4. The framers of the Constitution have taken great care to ensure that sufficient provision is made for ameliorating the conditions of certain backward classes found in India who suffer from social and economic. disabilities. Art. 46 enjoins upon the State, as a Directive Principle of State Policy, to promote with special care the educational and economic interests of the weaker sections of the people, and in, particular of the Scheduled Castes and Scheduled Tribes, and to protect them from social injustice and all forms of exploitation. In consonance with this objective they enacted a number of provisions in the Constitution, of which Cl. (4) of Art. 15 is one. Besides, although, Cl. (1) of Art. 16 guarantees equality of opportunity to all citizens in matters re Wing to employment or appointment to any office under the State, there is Cl. (4) of Art. 16 which lays down that nothing in Art. 16 will prevent the State from making any provision for the reservation of appointment or posts in favour of any backward class of citizens which, in the opinion of the State, is not adequately represented in the services under the State. Art. 17 abolishes “Untouchability” and forbids its practice in any form, and declares that the enforcement of any disability arising out of “Untouchability” will be an offence punishable in accordance with law. There are other provisions, such as Art. 330 which provides for the reservation of seats in the House of the People for Scheduled Castes and Scheduled Tribes and Art. 332 which makes similar provision for the reservation of seats for them in the State Legislative Assemblies. We are concerned here with the advantages and benefits envisaged by the Constitution in respect of members of the Scheduled Castes.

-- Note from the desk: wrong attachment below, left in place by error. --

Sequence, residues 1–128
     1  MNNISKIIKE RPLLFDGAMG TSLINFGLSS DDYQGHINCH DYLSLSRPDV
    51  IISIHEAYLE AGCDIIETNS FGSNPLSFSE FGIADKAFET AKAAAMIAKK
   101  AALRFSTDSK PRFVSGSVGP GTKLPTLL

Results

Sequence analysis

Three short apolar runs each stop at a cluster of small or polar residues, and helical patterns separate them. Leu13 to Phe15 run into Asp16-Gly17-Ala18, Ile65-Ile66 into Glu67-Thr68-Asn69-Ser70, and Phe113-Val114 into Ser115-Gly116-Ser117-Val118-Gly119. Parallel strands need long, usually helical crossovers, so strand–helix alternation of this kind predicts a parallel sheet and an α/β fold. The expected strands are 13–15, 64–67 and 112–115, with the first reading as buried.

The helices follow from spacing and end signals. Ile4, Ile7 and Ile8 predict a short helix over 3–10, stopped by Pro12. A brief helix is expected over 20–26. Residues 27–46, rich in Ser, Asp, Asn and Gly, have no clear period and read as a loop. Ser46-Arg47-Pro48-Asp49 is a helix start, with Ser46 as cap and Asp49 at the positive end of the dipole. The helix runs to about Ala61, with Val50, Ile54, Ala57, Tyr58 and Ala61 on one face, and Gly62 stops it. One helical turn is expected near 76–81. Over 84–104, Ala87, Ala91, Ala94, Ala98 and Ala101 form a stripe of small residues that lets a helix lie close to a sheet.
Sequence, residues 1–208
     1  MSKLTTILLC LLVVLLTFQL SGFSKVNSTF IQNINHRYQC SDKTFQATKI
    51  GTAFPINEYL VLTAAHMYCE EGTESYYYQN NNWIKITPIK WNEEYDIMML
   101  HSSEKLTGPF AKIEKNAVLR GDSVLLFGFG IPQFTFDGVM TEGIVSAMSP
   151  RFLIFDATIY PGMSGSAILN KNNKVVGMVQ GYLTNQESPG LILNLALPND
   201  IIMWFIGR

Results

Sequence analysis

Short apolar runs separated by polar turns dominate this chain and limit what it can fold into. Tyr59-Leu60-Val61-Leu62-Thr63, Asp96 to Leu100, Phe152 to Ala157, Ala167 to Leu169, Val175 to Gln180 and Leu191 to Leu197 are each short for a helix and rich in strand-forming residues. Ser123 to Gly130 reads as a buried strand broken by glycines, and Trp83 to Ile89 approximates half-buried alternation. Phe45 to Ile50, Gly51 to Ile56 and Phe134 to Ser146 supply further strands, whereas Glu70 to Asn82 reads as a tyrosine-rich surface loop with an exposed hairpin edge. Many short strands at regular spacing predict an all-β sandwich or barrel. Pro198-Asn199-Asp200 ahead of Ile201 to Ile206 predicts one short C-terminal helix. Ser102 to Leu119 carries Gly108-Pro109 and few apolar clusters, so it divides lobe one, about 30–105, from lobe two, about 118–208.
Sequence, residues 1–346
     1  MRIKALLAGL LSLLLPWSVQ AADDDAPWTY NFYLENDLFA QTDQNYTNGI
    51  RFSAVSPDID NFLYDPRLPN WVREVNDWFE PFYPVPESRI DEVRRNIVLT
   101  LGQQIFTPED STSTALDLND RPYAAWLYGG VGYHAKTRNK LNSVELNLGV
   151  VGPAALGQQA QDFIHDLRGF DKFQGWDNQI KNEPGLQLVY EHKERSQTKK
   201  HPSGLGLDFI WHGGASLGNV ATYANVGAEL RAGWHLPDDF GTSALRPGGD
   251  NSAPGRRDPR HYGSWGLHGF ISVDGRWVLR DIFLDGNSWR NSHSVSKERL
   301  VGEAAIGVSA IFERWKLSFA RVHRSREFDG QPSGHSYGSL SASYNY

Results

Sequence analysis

5. The expression “Scheduled Castes” is defined. in Cl. 24 of Art. 366 to mean “such castes, races or tribes or parts of or groups within such castes, races or tribes as are deemed under Art. 341 to be Scheduled Castes for the purposes of this Constitution”. Clause (1) of Art. 341 enjoins upon the President to specify by public notification the castes, races or tribes or parts of or groups within castes, races or tribes, which for the purposes of the Constitution are deemed to be Scheduled Castes in relation to a State or Union territory. Once such notification is issued by the President it cannot be varied by any subsequent notification except that, by virtue of Cl. (2) of Art. 341, Parliament may by law include in or exclude from the Est of Scheduled Castes specified in the notification issued under Cl. (1) any caste, race or tribe or part of or group within any caste, race or tribe. In discharge of the obligation imposed by Cl. (1) of Art. 341 the President issued the Constitution (Scheduled Castes) Order, 1950. In its original form, paragraph 3 declared that “…………no person who professes a religion different from Hinduism” would be deemed to be a member of a Scheduled Castes. There was a proviso to paragraph 3 which declared that every member of the Ramdasi, Kabirpanthi, Mazhabi or Sikligar caste resident in Punjab or the Patiala and East Punjab States Union would in relation to that State be deemed to be a member of the Scheduled Castes whether he professed the Hindu religion or the Sikh religion. Subsequently, Parliament enacted the Scheduled Castes and Scheduled Tribes Orders (Amendment) Act, 1956 which substituted for the original paragraph 3 the present paragraph, which declares:-
“3. Notwithstanding anything contained in paragraph 2, no person who professes a religion different from the Hindu or the Sikh religion shall be deemed to be a member of a Scheduled Caste.”
It is apparent that for the purposes of the Constitution the constitutional provisions relating to Scheduled Castes are intended to be applied to only those members of the castes enumerated in the Constitution (Scheduled Castes) Order, 1950 who profess the Hindu or the Sikh religion. Clearly, if it can be contemplated that a Christian belongs to one of those castes, he is barred by reason of paragraph 3, from being regarded as a member of a Scheduled Caste and is, therefore, not entitled to the benefit of the constitutional provisions relating to Scheduled Castes.